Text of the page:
Bilateral interest  

The Chinese realize that technology requires constant development and updates in order to be able to keep up with the competition in the market. Therefore, getting rid of the crew that developed the technology and the product equals slaughtering the goose that lays the golden eggs.

 

The interest is bilateral – the Chinese side wants to invest in the technology, and this enables the Israeli side to keep developing more patents. The Chinese also want to bring the Israeli capabilities to their domestic market and make a large profit.

 

The Chinese market receives instructions from above, based on the Chinese model.

 

In accordance with the decisions of the latest party convention, the market is currently focusing on developing the fields of clean-tech and renewable energy such as desert farming and water purification, as well as developments in the field of education, health and advanced production technologies.


Jay Young

 

All these have been identified by the Chinese market at the opposite corner of Asia – in Israel.

 

Jay Young recognizes a need to broker between the Israeli technological firms and the Chinese market. From her experience, the main difficulty for Israeli companies in China stems from their lack of presence on the ground, and not enough recognition of the existing potential in China and unfamiliarity with the Chinese business and culture rules of conduct.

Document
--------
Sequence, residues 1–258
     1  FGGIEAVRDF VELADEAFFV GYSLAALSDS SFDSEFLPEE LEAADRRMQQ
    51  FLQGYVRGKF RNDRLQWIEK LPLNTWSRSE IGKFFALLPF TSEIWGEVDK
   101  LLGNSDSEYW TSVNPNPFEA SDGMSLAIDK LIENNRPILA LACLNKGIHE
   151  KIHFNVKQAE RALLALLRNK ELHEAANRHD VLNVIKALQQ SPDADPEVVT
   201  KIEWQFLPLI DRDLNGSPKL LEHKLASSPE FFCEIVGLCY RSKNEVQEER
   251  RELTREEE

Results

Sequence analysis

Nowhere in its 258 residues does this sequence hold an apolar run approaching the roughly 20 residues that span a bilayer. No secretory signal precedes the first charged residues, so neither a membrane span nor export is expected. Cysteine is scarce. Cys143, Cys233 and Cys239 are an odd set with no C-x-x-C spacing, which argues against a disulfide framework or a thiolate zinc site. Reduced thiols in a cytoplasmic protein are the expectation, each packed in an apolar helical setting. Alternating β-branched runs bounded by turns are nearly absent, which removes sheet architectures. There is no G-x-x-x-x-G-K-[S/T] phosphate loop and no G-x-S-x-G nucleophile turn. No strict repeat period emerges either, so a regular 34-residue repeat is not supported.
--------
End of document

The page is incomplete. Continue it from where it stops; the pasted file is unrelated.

People like Jay, who can simultaneously drink Mai-Tai and eat Humus, can tie the two ends together in order to create long-lasting business relationships between the markets.

 

The mission she is here for is to locate technologies to cooperate with China. This cooperation is in fact triangular, with the Chinese High Net Worth Individuals on one corner, the entrepreneurs and Israeli technology at the second corner, and an investment firm that brokers and coordinates the project at the third corner of the triangle.